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Leaves as a soil amendment

Collecting leaves for the garden.Guatemalan farmers harvest vast quantities of fallen leaves (broza) out of nearby woods to incorporate into their soil.  Wilken estimates that farmers rake up leaves from 5 to 8 acres of forest for each acre of crop they cultivate, although he hastens to add that farm fields are small.   Some farmers just hoe the leaves directly into their soil, while others use the leaves as animal bedding for a week, then incorporate the poopy bedding into the soil.  The latter method is especially effective since nitrogen in the manure and urine offsets the nitrogen lost during the initial stages of leaf decomposition.

Leaves are an especially intriguing soil amendment for our farm since they improve soil structure and water retention/drainage in clayey soils.  In fact, Guatemalan farmers use leaves primarily in clay soil, while they tend to lean toward manure in sandy soils.

Last year, I begged my city-living family members to scavenge bags of leaves left on the curb, and we ended up with 31 big garbage bags full.  I used them as mulch around our berries and trees, but I could have used about ten times as much leaf matter.  Since we've decided to buy firewood this year, maybe we'll have enough free time to rake masses of leaves out of the woods and use them as soil amendments.  I may experiment with using our chicken tractors as leaf-shredding and manure-amending factories, or may try to harvest the nitrogen in our urine by peeing on our leaves.  Stay tuned for lots of leafy experimentation this fall and winter!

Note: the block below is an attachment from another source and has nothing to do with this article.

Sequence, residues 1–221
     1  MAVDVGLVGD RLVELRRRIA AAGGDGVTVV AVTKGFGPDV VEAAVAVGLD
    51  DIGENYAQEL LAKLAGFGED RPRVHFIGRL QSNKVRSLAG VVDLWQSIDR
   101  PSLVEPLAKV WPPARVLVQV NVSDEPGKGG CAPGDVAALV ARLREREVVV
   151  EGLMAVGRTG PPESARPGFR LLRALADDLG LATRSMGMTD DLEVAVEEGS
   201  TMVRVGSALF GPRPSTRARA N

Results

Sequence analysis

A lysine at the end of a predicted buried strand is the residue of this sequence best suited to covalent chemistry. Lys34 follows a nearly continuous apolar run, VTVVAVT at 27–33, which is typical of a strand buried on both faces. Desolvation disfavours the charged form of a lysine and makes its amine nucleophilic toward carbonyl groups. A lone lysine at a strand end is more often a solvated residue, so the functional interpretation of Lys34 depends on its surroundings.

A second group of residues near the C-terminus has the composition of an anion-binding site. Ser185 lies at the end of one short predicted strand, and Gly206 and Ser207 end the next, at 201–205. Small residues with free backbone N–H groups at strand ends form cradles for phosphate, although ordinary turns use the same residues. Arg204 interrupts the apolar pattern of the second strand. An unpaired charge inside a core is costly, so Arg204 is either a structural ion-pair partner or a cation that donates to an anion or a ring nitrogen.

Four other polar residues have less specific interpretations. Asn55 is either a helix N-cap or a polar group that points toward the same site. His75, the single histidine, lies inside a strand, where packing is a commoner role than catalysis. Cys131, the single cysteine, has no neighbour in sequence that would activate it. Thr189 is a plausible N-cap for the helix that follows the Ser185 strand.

This post is part of our Central American Permaculture lunchtime series.  Read all of the entries:





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